It took one table in the J.C. Williams Center roughly six hours to raise $812.50 toward an impending Urban Mission meal, but the “Feed the Hungry” project hosted by the Brotherhood of Saint Francis household is entirely more about the impact and less about the numbers.
“We wanted to sponsor a meal for the Urban Mission, something to help the Steubenville community,” said household member Gaetano Carvelli. The theology and catechetics major anchored the fundraising table, where Franciscan University students contributed to the cause via a novel donation method.
“The idea is that a student will give up a meal; they’ll sacrifice a meal swipe to feed the poor,” said Carvelli. Students could visit the table, record their name and student ID number and contribute the $6.50 meal swipe equivalent to the “Feed the Hungry” movement. After the funds are contributed, Carvelli said, “(Parkhurst) will take all of the money put together and use that money toward a meal.”
Carvelli said that the consistency of the meal itself will depend on the extent of student donations. As of the conclusion of the household’s fundraising period, 125 meals, the monetary equivalent of $812.50, had been contributed, private donations not included. The total raised sum well exceeded the household’s expectations at the onset of the project.
Furthermore, the household has more in mind than the meal, administered from 5 to 6 p.m. on March 3. Said Carvelli, “We wanted to make it more than just going down and giving food. We’re going to have an event ready for them.” Volunteer musicians graced the space with live music, and the household provided both drinks and dessert.
Interestingly, the same project existed at Franciscan, by Carvelli’s own account, six years ago. However, it was met with considerably less success, installed in union with a fasting retreat. Household advisor Robert Khlopin, special project planner at Franciscan University, first presented the idea earlier in the semester, and Carvelli said interest has only increased since.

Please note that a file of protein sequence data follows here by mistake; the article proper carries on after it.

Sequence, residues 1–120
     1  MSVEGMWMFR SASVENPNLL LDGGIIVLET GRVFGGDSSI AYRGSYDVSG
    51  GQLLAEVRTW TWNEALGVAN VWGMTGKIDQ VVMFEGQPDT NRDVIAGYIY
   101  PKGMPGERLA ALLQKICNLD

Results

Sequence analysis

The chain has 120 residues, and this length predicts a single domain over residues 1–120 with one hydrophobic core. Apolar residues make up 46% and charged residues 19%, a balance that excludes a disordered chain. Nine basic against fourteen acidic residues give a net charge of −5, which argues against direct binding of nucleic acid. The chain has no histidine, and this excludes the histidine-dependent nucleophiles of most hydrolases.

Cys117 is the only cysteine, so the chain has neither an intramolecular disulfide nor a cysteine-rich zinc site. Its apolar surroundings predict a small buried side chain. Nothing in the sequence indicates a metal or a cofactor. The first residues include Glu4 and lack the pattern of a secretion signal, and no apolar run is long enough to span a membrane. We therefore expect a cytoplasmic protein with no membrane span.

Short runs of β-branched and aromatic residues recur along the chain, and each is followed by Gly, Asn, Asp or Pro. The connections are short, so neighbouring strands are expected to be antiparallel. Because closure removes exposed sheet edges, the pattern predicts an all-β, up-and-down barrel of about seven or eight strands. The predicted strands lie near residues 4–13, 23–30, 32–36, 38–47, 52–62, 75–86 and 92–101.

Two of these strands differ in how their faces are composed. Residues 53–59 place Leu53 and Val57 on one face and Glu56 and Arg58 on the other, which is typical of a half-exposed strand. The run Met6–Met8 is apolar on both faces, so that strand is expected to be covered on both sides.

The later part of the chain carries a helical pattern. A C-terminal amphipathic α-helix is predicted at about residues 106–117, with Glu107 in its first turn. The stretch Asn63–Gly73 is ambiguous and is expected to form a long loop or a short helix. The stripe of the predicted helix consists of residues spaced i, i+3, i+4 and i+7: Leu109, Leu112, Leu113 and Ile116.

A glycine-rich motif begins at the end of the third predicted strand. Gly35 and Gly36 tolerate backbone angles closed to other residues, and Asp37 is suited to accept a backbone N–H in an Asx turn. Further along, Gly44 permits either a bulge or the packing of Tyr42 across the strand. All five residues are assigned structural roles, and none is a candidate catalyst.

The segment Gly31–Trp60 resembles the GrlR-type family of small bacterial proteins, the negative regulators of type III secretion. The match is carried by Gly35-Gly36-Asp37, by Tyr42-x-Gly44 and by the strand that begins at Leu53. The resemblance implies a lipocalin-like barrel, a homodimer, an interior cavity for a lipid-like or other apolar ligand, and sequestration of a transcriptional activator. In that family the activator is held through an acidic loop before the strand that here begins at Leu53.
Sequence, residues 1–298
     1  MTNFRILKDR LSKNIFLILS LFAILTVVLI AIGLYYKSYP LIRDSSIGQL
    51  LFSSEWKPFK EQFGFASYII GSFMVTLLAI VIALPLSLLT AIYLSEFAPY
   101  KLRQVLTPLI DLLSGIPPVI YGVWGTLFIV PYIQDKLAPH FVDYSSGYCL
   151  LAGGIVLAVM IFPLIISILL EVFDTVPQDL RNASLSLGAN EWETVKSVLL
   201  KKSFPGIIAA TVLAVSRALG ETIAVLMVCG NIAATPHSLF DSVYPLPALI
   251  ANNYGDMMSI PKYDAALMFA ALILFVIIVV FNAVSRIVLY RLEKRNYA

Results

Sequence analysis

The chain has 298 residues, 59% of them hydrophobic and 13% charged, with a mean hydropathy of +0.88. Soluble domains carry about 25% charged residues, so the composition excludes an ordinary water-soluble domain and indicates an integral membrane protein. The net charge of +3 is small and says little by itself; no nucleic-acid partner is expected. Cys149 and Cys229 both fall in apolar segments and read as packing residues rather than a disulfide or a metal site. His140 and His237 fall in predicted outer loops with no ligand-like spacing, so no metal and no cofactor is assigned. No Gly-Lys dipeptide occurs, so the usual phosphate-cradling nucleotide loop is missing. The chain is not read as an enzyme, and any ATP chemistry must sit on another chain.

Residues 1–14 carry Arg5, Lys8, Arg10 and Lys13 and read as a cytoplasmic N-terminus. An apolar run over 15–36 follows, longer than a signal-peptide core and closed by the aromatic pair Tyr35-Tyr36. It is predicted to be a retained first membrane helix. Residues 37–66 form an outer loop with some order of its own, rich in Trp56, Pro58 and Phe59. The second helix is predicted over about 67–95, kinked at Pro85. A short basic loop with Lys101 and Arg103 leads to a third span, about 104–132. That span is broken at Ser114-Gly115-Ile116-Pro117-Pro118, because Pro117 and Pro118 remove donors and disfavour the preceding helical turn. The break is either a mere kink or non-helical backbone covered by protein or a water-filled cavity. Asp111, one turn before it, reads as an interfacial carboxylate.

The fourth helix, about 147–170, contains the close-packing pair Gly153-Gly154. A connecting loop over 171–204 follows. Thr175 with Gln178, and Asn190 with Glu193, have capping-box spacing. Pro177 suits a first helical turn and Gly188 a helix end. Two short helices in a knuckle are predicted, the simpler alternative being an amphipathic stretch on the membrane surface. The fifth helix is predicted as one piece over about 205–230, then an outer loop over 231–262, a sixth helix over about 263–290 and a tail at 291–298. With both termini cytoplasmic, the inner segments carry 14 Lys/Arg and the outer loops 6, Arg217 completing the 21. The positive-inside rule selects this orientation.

Collaboration with the school has been catalyzed by the dedicated involvement of Assistant Director of Student Life Matthew Schaefer, as well as Cafeteria Supervisor Nicole Crossman. Together, the effort will provide sustenance and entertainment to a downtown Steubenville demographic regularly thankful for the efforts of the Urban Mission.
Amazingly, the project has student enthusiasm, rather than dedicated advertisement, to thank for its success. A single Facebook post, compounded by word of mouth, represents the complete extent of the household’s marketing efforts. Still, Carvelli credits the wildly profitable fundraising to students’ collective desire to better the lives of others.
“Whenever someone donates a meal, we’re asking them to either give up a meal themselves, or pray for the people we’ll be serving” said Carvelli. He emphasized the root of charity upon which the movement itself is founded: “It’s not only bettering other people, it’s a self-sacrifice. It’s a participation of everyone, an intentional sacrifice.”
“Saint Francis was big on service to other people” said Carvelli, echoing the sentiments of a university icon after whose humility the household’s activities are patterned. He said that the household’s pillars of charity, humility, joy, poverty and chivalry enable the Brotherhood of Saint Francis household to embody their covenant and simultaneously minister to those of downtown Steubenville.